Travelling somewhere new means plenty of research. Which museums to visit? Where are the best places for coffee? How much will public transport cost on average? The best part of having all these questions is that the answer is just a click away.
That being said, another thing that’s as important as looking up amazing places to take yourself to for dinner when you’re in Kyoto – or anywhere where English isn’t the first language for that matter – is learning a few phrases in their language.
The internet makes it all too easy. There are plenty of tutorials online and free apps to help you learn the basics before you head off on your travels.
Why should you learn one of these languages? Let us break it down for you.
English is one of the most widely-spoken languages across the globe, and even if someone doesn’t speak it fluently, chances are they’ll know enough to get by. Mandarin has the highest demand which naturally gives anyone who speaks the language an advantage in the workplace. French is considered an easy language to learn, and is spoken across 25 countries.
Spanish is one of the most popular languages in the world with 500 million speakers. It’s romantic and fun – what more could you ask for? Arabic is spoken throughout the Middle East and North Africa, a plus in learning this language is being able to comprehend the beliefs of locals better as it can’t be translated directly to English all the time.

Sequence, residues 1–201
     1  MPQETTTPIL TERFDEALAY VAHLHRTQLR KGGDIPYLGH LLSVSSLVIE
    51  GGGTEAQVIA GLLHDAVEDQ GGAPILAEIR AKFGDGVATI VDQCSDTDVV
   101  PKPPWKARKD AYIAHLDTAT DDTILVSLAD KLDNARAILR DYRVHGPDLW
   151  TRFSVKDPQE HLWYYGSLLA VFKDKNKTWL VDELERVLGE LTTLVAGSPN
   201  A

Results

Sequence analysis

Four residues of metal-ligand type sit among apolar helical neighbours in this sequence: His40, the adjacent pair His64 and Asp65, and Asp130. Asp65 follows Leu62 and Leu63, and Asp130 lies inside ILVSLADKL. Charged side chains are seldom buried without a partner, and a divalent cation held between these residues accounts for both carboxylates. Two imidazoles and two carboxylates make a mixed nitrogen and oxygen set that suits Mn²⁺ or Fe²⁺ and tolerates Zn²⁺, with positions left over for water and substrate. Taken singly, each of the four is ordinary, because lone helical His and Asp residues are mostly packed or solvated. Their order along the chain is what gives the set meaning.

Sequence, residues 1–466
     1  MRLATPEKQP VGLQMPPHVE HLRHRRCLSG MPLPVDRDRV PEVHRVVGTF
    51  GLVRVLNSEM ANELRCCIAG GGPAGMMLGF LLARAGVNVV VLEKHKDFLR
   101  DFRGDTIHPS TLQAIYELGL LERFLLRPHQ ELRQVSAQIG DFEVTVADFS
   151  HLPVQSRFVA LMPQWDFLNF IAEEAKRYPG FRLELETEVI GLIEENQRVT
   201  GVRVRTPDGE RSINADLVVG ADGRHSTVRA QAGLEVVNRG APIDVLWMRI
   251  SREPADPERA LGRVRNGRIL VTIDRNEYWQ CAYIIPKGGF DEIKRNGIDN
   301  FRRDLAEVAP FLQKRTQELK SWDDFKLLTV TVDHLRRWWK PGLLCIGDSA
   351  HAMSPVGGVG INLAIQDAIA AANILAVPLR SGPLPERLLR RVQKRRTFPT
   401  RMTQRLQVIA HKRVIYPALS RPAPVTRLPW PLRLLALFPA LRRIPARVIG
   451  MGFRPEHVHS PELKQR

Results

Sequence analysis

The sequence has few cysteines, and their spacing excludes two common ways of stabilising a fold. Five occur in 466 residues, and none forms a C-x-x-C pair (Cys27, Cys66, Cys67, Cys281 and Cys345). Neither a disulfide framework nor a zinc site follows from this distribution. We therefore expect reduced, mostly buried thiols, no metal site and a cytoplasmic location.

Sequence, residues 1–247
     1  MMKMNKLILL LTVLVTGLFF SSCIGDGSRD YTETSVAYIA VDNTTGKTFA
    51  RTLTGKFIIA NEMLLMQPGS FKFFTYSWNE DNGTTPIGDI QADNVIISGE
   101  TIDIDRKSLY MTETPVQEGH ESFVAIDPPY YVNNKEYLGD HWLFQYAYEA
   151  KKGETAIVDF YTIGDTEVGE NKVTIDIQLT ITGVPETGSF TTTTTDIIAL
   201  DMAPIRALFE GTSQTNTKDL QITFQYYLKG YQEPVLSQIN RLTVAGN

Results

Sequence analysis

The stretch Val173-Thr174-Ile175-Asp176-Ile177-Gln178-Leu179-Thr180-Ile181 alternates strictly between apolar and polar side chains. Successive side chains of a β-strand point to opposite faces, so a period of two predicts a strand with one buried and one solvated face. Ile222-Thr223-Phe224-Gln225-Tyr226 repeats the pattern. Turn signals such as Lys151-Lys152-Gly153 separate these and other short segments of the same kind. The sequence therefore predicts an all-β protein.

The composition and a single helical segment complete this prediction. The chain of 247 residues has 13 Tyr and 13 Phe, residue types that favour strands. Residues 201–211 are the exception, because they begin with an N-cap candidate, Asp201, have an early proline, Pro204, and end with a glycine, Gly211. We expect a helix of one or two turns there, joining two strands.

Learning foreign languages isn’t merely a fun little hobby, it’s importance in today’s world far surpasses what most people think:
If you’re planning to travel to Eastern Europe, Russian is the way to speak. Learning the Cyrillic script is a major bonus too! German is perfect if you’re travelling through central Europe; aside from Germany, it’s spoken widely in Austria, Belgium, Switzerland, the Netherlands, and Luxembourg.
Japanese has over 120 million speakers, and while the characters can appear intimidating to learn at first, like everything in life, it gets better with more practice. Portuguese is spoken across Europe, South America, and Asia. There are certain similarities with the Spanish language which may make it easier to pick up if you’re familiar with the latter, but it’s still very much different from each other.
And last but not least, Hindi. There are over 360 million speakers, and the English language has borrowed some Hindi words, using it as its own. Some examples: guru, karma, mantra, nirvana, yoga. So what’s learning a few more to expand our vocabulary?
Which language would you consider learning? Tell us in the comments below!